They're watching Snow White...and they love it.
--Zach Galligan, Gremlins
Unlike most Sunday morning screenings, I couldn't just walk into The Three Stooges and plop down wherever I wanted. It took about thirty seconds of scanning a packed auditorium to find a decent spot, and I immediately suspected I'd been wrangled into some kind of sociology experiment.
It was a diverse enough crowd to offer demented scientists a healthy cross-section of moviegoers: from kids and their parents, to elderly fans of the original comedy shorts, to a group of mentally challenged adults on a field trip, and every combination of race and gender. No doubt, the magnetic strip on my AMC Stubs card had registered me as a control subject for the snark contingent. For weeks, I'd dreaded this film and the sub-human morons whose genuine amusement at the horrible trailers would compel them out of their caves and into the theatre with me.
Well, look who's a sub-human moron now. From the retro title card announcing what would be the first of three mini-Stooges adventures, I was hooked. Directors Bobby and Peter Farrelly and co-writer Mike Cerrone have taken the gross remake/update formula audiences have complained about for a decade and turned it upside down. Unlike the recent Smurfs and Chipmunks movies, which impose modern pop-culture sensibilities on classic children's characters, The Three Stooges keeps the star trio pure: you won't hear Moe say "True dat", and Curly's preferred snack is a whole fish, which he devours from the middle--leaving a 1930s-style carp-toon skeleton.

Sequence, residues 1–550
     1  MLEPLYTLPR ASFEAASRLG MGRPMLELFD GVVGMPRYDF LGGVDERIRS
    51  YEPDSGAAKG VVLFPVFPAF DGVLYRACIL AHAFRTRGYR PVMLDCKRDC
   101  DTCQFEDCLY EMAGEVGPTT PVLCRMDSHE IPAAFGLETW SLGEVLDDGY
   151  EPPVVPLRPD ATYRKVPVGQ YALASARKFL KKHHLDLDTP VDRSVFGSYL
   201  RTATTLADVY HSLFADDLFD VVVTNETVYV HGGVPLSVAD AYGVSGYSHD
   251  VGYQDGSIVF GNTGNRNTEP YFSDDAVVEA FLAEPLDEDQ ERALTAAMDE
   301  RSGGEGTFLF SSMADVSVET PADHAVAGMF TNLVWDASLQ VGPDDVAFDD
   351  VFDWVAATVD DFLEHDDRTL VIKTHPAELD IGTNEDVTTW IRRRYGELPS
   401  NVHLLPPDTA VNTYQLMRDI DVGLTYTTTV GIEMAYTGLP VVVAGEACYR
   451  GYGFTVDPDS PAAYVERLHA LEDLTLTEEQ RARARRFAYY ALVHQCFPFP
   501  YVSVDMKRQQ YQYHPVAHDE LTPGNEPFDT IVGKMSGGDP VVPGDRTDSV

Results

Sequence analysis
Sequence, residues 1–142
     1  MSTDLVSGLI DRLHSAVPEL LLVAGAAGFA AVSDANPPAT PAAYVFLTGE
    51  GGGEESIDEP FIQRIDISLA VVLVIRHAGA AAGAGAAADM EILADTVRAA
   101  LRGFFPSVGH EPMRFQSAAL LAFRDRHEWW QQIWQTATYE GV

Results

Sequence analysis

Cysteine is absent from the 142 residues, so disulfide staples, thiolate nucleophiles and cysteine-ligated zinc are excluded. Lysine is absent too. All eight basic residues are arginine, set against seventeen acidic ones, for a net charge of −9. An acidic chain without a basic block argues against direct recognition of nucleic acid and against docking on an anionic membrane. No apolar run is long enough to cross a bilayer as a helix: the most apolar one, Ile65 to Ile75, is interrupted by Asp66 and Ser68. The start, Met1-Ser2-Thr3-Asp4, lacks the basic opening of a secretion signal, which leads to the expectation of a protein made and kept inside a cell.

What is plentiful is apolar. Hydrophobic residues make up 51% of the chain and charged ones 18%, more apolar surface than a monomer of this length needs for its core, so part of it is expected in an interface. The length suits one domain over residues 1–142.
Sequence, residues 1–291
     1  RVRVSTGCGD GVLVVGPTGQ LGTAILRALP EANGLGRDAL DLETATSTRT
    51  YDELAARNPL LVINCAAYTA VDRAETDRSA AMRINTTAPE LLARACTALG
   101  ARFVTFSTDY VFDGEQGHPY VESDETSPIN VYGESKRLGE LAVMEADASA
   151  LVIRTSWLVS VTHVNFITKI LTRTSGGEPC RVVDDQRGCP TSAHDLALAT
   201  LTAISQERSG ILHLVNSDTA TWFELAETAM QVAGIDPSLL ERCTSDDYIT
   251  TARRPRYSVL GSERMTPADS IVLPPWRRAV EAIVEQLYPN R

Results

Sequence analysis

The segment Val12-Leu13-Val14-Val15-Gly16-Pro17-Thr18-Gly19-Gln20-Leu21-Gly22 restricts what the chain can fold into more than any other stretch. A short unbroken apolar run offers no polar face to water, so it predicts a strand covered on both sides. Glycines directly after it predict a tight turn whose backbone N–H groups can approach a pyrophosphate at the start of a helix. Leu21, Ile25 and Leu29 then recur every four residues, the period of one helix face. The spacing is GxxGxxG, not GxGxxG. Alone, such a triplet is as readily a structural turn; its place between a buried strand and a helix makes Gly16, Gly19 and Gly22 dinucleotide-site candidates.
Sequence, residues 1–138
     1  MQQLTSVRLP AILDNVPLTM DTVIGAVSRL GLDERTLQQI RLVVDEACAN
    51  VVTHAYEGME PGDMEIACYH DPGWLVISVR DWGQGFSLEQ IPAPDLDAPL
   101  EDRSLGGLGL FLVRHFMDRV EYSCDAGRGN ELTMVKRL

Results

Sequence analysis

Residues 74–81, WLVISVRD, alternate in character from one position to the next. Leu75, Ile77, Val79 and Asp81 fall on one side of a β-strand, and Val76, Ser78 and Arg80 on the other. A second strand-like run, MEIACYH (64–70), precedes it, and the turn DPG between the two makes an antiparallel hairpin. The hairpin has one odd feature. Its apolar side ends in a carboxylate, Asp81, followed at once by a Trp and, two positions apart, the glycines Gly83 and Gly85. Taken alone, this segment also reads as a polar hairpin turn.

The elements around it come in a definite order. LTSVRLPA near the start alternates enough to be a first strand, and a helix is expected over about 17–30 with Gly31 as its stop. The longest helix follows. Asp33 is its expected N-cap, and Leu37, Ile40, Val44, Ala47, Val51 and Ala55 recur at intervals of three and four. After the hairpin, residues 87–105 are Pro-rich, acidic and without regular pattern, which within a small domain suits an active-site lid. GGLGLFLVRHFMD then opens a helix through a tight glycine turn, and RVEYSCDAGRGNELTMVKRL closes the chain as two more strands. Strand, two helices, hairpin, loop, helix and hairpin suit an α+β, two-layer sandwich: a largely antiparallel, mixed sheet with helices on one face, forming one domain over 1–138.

The movie's three episodes comprise a single, basic plot: after having been anonymously ditched at an orphanage as babies, three violent, socially awkward, yet big-hearted buffoons grow up and set out on a quest to save their home from foreclosure. Grumpy, furrowed-brow brute, Moe (Chris Diamantopoulos), leads the curly-haired wise guy, Larry (Sean Hayes), and rotund, metal-skulled giant, Curly (Will Sasso) on an adventure to the Big City, where they are embroiled in a murder plot, become reality-TV stars, and wreak much havoc on high-society stiffs. Along the way, there's much eye-poking, slapping, and countless gags involving random objects as non-lethal torpedoes, accompanied by sound effects that alternately soften (what should be) bone-breaking blows and enhance them.
I didn't grow up a Stooges fan, but I also hated Tom and Jerry, and found Looney Tunes intolerable. I was more of a transforming-robots and Grayskull kid. That lack of interest, combined with Nicole "Snooki" Pollizi's appearance in the trailer made me think I'd be miserable watching this movie. On the contrary, I laughed and smiled consistently at the brilliant performances of the three leads, and the supporting cast's solid work.
Jane Lynch isn't given much to do, comedically, as the orphanage's head nun. But that's an issue of expectation rather than execution: she plays way against type here, and leaves the Mean Old Lady act to Larry David, as Sister Mary-Mengele. Yep, that Larry David.
Sofia Vergara plays the conniving, rich housewife who wants the Stooges to knock off her husband. Again, I was surprised that the Farrellys didn't set up the star of one of America's biggest sitcoms with more laughs. But I admire their commitment to letting the headliners be the whole show. The Stooges work best against squares, and the film's other funny roles reach only minor levels of broad amusement that can't even touch their nutso-stratosphere antics.